What are the Different Types of Lung Infection?

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  • Written By: Meshell Powell
  • Edited By: Melissa Wiley
  • Last Modified Date: 10 May 2019
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There are several different types of lung infections, including bacterial infections, viral infections, and fungal infections. Common symptoms may include difficulty breathing, chest congestion, and back pain. Treatment will depend on the exact cause of the infection, but some of the more typical treatment options include the use of antibiotics, antiviral medications, or steroid medications.

Bacterial lung infections are relatively common causes of lung inflammation. Symptoms of this type of condition frequently include an increased production of mucus, often leading to chest congestion. Some patients may also develop a skin rash or other forms of skin irritation. Treatment typically involves the use of prescription antibiotics.

A viral lung infection does not respond to antibiotics and typically just needs to run its course. There are some antiviral medications that may help to reduce the length of the infection, but there is no actual cure. Common symptoms of these infections include a cough, sore throat, and fever. Ear infections are also common with this type of infection. In severe cases, the affected person may have difficulty breathing and require emergency medical assistance.


Fungus, like candida, can also cause a lung infection. These types of infections often have the same symptoms as influenza or pneumonia. Some potential symptoms are fatigue and cough, with or without the production of excess mucus. Muscle pain and shortness of breath are also common with this type of lung infection. Anti-fungal medications may be prescribed, although care should be taken, as this type of medication may interact negatively with other medications. In some cases, when the fungus creates a large enough mass to potentially cause a blockage, surgery will be performed to remove this ball of fungus.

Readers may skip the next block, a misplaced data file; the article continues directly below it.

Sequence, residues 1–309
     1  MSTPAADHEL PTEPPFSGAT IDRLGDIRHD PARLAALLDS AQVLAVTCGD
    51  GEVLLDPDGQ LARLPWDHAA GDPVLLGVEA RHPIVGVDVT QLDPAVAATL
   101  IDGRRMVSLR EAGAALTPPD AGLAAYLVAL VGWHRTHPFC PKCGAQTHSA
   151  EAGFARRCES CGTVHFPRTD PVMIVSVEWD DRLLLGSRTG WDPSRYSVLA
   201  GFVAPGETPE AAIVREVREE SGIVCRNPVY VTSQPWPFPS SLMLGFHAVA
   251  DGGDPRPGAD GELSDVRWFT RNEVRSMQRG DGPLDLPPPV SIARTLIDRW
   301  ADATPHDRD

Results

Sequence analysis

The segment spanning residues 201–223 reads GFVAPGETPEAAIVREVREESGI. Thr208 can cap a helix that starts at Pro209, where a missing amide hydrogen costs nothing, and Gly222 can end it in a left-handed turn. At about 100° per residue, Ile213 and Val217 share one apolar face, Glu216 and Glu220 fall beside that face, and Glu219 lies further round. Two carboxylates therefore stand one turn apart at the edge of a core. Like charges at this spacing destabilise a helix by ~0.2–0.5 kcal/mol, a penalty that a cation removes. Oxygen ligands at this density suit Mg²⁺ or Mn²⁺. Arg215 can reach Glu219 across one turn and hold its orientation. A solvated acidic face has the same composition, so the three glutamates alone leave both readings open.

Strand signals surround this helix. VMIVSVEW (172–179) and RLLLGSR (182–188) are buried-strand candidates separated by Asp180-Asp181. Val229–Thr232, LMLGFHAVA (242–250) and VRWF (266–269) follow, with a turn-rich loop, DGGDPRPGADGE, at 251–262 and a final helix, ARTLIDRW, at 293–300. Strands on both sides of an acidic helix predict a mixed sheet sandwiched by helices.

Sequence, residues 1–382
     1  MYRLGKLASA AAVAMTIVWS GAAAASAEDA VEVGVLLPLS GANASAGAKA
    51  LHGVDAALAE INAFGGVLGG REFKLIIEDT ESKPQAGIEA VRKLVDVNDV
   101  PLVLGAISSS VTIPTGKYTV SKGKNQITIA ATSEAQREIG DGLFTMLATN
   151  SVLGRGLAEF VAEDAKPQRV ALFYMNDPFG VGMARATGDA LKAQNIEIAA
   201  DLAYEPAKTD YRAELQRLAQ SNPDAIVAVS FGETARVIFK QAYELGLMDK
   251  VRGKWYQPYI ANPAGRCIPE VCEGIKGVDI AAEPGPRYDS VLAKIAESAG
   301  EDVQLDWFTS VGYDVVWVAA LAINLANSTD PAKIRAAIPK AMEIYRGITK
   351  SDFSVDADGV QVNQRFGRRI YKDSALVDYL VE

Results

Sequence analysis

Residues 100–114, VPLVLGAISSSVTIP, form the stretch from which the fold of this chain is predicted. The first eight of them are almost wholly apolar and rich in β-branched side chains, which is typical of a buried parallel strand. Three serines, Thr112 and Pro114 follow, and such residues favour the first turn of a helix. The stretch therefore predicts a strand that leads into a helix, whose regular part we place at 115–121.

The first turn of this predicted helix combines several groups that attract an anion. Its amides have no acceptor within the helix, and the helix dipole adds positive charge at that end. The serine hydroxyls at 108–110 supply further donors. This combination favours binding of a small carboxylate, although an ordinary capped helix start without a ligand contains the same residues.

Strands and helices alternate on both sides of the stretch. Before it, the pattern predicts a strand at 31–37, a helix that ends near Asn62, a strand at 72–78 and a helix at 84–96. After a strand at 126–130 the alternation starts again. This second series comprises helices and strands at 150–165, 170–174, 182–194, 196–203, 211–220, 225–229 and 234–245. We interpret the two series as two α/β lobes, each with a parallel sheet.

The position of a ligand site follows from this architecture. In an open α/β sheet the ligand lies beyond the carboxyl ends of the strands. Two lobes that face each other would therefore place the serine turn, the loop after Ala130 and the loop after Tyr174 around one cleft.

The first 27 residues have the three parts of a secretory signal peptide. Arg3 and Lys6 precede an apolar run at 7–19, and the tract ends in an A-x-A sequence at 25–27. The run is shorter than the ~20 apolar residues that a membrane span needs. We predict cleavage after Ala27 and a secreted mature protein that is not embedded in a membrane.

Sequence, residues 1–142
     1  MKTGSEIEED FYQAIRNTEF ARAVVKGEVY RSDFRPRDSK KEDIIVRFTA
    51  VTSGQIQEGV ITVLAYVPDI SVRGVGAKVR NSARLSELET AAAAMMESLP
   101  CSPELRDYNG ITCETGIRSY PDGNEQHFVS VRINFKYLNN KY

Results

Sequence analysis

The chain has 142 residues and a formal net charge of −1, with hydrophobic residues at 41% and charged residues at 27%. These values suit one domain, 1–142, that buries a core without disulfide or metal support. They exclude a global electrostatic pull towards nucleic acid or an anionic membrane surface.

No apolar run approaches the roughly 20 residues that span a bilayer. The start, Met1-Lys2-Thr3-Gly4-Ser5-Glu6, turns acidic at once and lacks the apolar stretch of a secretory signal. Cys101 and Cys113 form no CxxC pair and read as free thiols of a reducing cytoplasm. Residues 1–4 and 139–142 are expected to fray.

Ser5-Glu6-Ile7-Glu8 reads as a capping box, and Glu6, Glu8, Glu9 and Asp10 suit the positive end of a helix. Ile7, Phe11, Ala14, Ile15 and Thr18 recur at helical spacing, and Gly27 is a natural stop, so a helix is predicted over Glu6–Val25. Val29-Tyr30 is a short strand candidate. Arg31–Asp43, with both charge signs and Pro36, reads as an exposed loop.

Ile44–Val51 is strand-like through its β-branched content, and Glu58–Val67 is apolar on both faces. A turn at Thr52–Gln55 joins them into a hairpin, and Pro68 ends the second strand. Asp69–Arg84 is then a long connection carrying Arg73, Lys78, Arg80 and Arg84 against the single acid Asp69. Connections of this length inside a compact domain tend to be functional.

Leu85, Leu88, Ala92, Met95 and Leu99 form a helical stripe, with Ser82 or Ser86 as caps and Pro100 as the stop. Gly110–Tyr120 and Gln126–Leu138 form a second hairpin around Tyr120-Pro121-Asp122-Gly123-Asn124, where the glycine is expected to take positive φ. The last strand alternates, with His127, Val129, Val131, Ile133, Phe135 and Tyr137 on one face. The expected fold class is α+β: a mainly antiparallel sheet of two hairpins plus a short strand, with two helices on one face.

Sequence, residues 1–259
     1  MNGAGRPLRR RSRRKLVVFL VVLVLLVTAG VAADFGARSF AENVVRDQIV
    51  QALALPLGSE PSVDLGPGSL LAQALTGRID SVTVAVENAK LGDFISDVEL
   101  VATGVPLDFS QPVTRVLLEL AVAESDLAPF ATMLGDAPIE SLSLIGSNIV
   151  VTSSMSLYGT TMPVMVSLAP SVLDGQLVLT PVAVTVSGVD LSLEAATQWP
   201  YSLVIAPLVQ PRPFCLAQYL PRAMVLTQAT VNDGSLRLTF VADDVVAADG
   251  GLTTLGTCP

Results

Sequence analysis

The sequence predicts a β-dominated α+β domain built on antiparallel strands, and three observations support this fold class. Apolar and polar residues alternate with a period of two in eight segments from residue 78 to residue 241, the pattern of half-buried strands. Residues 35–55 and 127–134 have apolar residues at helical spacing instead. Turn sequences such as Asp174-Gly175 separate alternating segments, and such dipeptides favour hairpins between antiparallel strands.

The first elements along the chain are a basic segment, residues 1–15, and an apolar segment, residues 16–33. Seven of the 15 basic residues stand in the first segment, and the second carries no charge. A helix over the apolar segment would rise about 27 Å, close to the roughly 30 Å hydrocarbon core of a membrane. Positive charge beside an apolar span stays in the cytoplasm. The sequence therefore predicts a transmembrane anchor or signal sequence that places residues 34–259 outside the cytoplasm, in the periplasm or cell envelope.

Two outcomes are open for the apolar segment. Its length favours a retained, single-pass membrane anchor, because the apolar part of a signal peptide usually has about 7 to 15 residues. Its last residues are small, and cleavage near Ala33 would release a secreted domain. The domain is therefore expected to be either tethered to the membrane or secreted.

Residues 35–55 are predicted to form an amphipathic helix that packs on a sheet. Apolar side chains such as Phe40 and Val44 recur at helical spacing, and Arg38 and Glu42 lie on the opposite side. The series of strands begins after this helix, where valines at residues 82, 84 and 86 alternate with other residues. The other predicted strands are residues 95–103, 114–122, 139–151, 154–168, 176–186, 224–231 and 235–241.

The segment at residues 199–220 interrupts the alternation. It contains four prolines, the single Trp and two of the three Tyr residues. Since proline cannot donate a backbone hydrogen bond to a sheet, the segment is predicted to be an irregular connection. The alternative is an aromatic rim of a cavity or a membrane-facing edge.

A pseudomonas lung infection is technically a bacterial infection, but tends to occur only in patients who are very ill. Pseudomonas aeruginosa, the bacteria that causes this condition, is known as an opportunistic pathogen, meaning that the bacteria normally does not cause illness unless the patient's immune system is already compromised by severe illness. Patients who are hospitalized or are suffering with diseases such as AIDS are the most susceptible to this type of infection. Antibiotics or surgical intervention are typically used to treat this condition, with successful treatment depending on the overall health of the patient.


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Post 2

@Penzance356 - I know, it does sound really unpleasant! To answer your questions, I'm confident that a doctor would know which tests to order to confirm the correct lung infection diagnosis.

In my experience many doctors want to know if the infection is viral or bacterial to avoid giving you unnecessary antibiotics, which would be essentially useless if you had a fungal lung infection, since you would need an antifungal.

Post 1

It surprised me to read about fungal lung infections. I have never thought about this outside of the usual candida/thrush problems that most people experience at some time.

The thought of a ball of fungus growing inside your body is really unpleasant! Is this a more severe lung infection than the bacterial or viral type? I imagine it is harder to diagnose because it is less common, and the symptoms seem to be more unusual.

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